Cover image for Japanese-style gardens of the Pacific west coast
Japanese-style gardens of the Pacific west coast
Levick, Melba.
Personal Author:
Publication Information:
New York : Rizzoli, [1999]

Physical Description:
176 pages : illustrations (some color) ; 29 cm
Added Author:
Format :


Call Number
Material Type
Home Location
Item Holds
SB458 .L48 1999 Adult Non-Fiction Non-Fiction Area-Oversize

On Order



Captures the quiet splendor of Japanese-style gardens.

Author Notes

Melba Levick is a photographer who has published more than 35 books on travel, architecture, and design in Europe and America. Her recent books include "Mexicolor" and "The Beautiful Spas and Hot Springs of California".

(Bowker Author Biography)

Reviews 2

Booklist Review

This elegant book begins with Brown's absorbing history of Japanese-style gardens in North America. He explains that in the twentieth century, more large-scale public Japanese-style gardens were built outside of Japan than within; the bulk of these were built in North America, particularly along the Pacific coast. As Melba Levick's stunning color photographs show, the elements of these 20 gardens are stone lanterns, torii gates, arched and zigzag bridges, rocks, sand, ponds, and flowers. The gardens are in California, Oregon, Washington, and British Columbia. They range from the oldest, the Japanese Tea Garden at Golden Gate Park in San Francisco and the Japanese Friendship Garden at Balboa Park in San Diego, to those in private retreats and to those sponsored by universities and corporations. Each is explained in terms of its place in the evolution of the Japanese-style garden and the relation of its function to its design. --George Cohen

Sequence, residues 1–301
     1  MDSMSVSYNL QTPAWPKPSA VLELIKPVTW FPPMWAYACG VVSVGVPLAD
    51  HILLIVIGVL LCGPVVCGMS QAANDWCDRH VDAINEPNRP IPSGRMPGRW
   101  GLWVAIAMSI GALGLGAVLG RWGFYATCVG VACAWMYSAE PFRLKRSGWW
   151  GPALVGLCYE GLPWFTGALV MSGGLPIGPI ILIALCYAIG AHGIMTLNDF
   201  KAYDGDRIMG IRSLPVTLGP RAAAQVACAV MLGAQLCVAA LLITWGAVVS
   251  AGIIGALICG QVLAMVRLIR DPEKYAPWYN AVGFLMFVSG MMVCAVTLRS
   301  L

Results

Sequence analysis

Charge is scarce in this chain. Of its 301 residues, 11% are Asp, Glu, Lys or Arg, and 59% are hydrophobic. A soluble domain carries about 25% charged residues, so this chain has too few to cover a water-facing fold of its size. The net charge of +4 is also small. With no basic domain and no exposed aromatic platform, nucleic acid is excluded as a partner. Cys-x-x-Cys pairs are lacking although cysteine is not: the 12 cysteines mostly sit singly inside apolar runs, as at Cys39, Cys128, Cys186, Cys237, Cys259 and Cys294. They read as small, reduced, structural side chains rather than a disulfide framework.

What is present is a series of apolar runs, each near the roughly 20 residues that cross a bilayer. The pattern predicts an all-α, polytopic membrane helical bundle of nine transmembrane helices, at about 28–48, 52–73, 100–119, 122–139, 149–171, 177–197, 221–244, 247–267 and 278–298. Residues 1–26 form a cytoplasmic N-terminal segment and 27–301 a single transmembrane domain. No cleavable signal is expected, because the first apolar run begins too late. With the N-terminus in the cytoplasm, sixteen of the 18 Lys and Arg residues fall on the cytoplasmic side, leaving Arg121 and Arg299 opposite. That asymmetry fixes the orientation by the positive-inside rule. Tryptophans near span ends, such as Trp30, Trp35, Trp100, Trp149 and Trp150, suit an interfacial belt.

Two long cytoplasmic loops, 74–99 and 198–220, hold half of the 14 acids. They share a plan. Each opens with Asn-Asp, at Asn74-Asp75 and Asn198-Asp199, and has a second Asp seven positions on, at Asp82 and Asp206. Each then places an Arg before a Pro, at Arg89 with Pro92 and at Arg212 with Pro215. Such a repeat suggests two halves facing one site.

Choice Review

This well-produced book, based on North American Japanese-style gardens, brings together a large group of marvelous color photographs. Photographer Levick captured 20 Japanese-style gardens in richly detailed, large format photographs. As in Japan, water is plentiful along the Pacific west coast, and growing conditions are superb for the plants found in Japanese design. The gardens are presented as being distinctly North American rather than reproductions of "authentic" gardens in Japan. They are Western creations with functional and formal differences from true Japanese gardens. Using the basic elements of nature, water, stone, wood, gravel, or sand, as well as moss and plants, the inherent qualities of these natural materials become essential to the artistic design of the garden. The book begins with an introduction, "Territories of Play: A Short History of Japanese-Style Gardens in North America" by Brown. Discussion of each garden includes the design, the people who visit, and the garden's function. Additional information is found in a directory of the gardens, which is combined with a bibliography. General readers. C. A. Watkins; New Mexico State University